My quest to achieve a week of weed wellness 

Page 3 of 9

click to enlarge MICHAEL E. BURDICK
  • Michael E. Burdick

Higher self
Elevated Yoga

At first thought, yoga and weed see somewhat counterintuitive. The art of breathing paired with smoking? Then again, does it not make perfect sense to combine the two? I was prepared to high-five angels.

The 4/20 friendly studio, Elevated Yoga, hosts High Noon, Yindica, Hybrid, and Slow Burn classes Monday through Saturday. Thanks to a neighboring dispensary, Utopia Gardens, Elevated Yoga is able to support free yoga class to card-holding patients on Thursday nights.

Class starts with what is referred to as "sesh," a 30-minute smoke session and an invitation to connect with your breath, body, and fellow toking yogis. Participants are welcome to bring their own joints, vapes, pipes, bongs, bowls, and rigs, but thanks to Utopia Gardens, everyone was given a fat pre-roll upon registration. On this particular night, nearly 25 people cram into a room that comfortably holds 15 and the temperature flirts with Bikram levels as the room filled with smoke. Normally, my social anxiety might skyrocket in such close quarters. Instead, I am excited to be close to strangers even if our only interpersonal interaction was passing joints from one end of the room to the other.

It should be noted that I had not done yoga regularly for more than five years. In addition to not being the most flexible person (on account of those gnarly titanium rods I mentioned earlier), I am not known for my ability to stay focused (on account of my crippling neurosis). This would normally propose several challenges, but only after 20 minutes of smoking I am high enough to take them on.

Our teacher Lauren Williams makes me feel in control of my body and ensures that there is no right or wrong way to strike a pose. While others gracefully press themselves from their mats through a series of sun salutations, I give in to child's pose (which is ultimately just laying down) on more than two occasions. My legs are shaking, my arms are rubbery, and my core is weak. I am out of practice.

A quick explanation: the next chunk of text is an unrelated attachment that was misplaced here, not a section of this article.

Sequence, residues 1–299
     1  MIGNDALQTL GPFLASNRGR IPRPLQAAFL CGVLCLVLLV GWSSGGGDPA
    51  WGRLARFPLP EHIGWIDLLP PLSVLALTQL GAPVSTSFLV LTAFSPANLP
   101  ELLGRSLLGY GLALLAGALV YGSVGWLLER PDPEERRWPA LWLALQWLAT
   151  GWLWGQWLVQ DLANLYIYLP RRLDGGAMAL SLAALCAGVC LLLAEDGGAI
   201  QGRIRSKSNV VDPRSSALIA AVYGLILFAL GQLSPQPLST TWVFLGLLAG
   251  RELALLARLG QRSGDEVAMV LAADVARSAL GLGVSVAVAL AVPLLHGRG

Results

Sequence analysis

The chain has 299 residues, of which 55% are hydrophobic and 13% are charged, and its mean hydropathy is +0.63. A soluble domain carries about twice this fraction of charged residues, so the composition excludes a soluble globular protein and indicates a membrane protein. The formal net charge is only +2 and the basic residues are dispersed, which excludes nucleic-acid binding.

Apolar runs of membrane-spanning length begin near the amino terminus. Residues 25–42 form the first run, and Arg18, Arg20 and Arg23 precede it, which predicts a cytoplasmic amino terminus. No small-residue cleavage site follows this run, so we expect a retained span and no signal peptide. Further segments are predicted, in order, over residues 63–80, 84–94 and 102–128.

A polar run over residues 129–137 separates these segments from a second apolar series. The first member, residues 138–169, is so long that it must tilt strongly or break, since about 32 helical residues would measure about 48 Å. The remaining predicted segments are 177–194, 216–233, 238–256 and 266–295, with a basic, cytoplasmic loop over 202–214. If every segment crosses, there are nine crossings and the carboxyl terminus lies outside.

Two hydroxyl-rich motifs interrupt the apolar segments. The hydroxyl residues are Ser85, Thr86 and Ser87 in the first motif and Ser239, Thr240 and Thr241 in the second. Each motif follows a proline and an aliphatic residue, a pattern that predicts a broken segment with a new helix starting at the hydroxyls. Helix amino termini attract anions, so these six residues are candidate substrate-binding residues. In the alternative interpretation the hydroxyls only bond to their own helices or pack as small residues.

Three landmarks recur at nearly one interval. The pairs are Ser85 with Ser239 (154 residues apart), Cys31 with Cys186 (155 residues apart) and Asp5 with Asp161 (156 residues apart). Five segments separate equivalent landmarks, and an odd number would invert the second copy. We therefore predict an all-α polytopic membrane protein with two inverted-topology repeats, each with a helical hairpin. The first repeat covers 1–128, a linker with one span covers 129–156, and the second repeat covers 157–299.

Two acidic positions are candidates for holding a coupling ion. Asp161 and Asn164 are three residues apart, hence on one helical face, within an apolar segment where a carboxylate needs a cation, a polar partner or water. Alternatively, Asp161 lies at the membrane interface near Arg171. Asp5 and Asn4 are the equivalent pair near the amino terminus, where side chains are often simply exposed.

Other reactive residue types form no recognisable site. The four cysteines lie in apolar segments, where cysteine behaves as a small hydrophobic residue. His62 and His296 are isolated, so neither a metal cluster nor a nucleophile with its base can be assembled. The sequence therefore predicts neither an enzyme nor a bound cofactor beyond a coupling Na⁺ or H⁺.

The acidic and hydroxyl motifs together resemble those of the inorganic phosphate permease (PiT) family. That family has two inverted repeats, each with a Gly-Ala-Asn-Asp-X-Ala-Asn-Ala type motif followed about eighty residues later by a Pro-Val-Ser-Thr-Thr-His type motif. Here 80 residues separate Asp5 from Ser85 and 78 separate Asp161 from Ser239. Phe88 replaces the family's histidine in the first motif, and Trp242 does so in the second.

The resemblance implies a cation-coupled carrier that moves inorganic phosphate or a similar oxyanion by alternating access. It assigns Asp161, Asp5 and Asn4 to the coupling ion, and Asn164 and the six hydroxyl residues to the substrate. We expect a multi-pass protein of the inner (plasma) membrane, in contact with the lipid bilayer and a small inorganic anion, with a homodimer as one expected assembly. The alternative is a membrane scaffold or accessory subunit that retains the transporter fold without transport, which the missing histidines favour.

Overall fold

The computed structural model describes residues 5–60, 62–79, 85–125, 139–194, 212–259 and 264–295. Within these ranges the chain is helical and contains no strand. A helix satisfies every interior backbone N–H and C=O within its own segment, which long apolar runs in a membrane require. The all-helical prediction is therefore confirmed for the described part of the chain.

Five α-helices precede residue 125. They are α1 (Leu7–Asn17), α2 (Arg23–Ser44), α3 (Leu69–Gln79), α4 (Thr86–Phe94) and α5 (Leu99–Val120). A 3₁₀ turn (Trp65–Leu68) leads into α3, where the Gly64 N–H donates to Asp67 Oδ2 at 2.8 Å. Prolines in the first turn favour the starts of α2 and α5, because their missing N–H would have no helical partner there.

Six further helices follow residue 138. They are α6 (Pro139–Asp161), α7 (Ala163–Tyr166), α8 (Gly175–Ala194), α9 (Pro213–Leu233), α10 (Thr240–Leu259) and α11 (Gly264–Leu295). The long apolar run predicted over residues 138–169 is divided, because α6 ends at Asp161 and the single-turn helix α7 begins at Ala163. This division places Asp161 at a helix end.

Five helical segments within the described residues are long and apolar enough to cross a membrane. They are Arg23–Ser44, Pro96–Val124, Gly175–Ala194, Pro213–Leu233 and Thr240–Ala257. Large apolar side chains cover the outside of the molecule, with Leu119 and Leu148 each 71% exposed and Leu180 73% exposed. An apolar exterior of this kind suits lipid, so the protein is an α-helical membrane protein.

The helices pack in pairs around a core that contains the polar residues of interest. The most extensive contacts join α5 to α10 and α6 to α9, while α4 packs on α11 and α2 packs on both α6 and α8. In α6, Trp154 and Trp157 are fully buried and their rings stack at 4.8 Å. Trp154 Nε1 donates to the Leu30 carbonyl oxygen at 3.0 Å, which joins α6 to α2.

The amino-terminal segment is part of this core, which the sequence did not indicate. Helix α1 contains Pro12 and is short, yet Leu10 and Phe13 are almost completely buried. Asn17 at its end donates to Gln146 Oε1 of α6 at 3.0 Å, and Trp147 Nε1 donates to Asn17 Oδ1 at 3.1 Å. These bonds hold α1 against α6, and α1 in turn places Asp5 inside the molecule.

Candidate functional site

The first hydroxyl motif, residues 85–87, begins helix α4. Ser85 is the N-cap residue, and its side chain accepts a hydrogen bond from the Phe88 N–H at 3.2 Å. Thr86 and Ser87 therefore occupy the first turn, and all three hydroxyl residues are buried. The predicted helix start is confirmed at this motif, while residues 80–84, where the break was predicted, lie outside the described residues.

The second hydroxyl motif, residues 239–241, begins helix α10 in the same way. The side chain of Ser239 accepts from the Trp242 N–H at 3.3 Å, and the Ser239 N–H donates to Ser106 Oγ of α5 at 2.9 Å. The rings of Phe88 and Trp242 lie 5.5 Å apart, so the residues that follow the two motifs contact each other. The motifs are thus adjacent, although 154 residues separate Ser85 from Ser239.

Instead of feeling powerless or inadequate, though, I tap into my heightened awareness, deepen my breath, and convince myself that I was capable of anything. This sensation is not comparable to drunken fearlessness or impaired judgment. This is a spiritual unpacking of stress and self-doubt that just so happened to be in a room of sweaty, stoned people.

"Yoga connects me to my breath and I can focus on bringing my breath into my body, which offers healing," Williams says. "Some of these people have been stabbed, have fallen out of airplanes and their parachute didn't open. I get to hear so many stories about pain, and oftentimes the only solution some of these people have is cannabis as their medicine. And yoga is movement medicine."

Williams says she was "nervous about people's judgment" at first. "There are a lot of yoga teachers in the yoga community that smoke weed," she says. "And they use it for the same healing reasons, but not everyone wants to put themselves out there. So, this was already happening. Now there's a space for patients where they feel comfortable to talk to one another and practice. I will teach yoga to anyone. I will go to jail and teach. I teach children. So, why wouldn't I do this? This is what I do."

As practice nears the end, I take to the boat pose with confidence despite the aching of my stomach muscles. Lauren leads us through some cooldown movements from a seated position and has us place our hands on our hearts.

"The light within me honors the light within you," she says. "Namaste."

Before we can bow our heads, a voice emerges from the back of the room: "If anyone would like dabs come on back."

The room bursts into laughter and we collectively shake out our sore limbs, peel ourselves from the floor, and continue our journey to connect with our highest selves.

Elevated Yoga is located at 2930 E. Jefferson Ave., Detroit; 313-444-9264; elevatedyogi.com or email elevatedyogi@gmail.com; Single classes are $10, monthly memberships are available for $50 donations.


Newsletters

Never miss a beat

Sign Up Now

Subscribe now to get the latest news delivered right to your inbox.

© 2019 Detroit Metro Times - Contact Us

Website powered by Foundation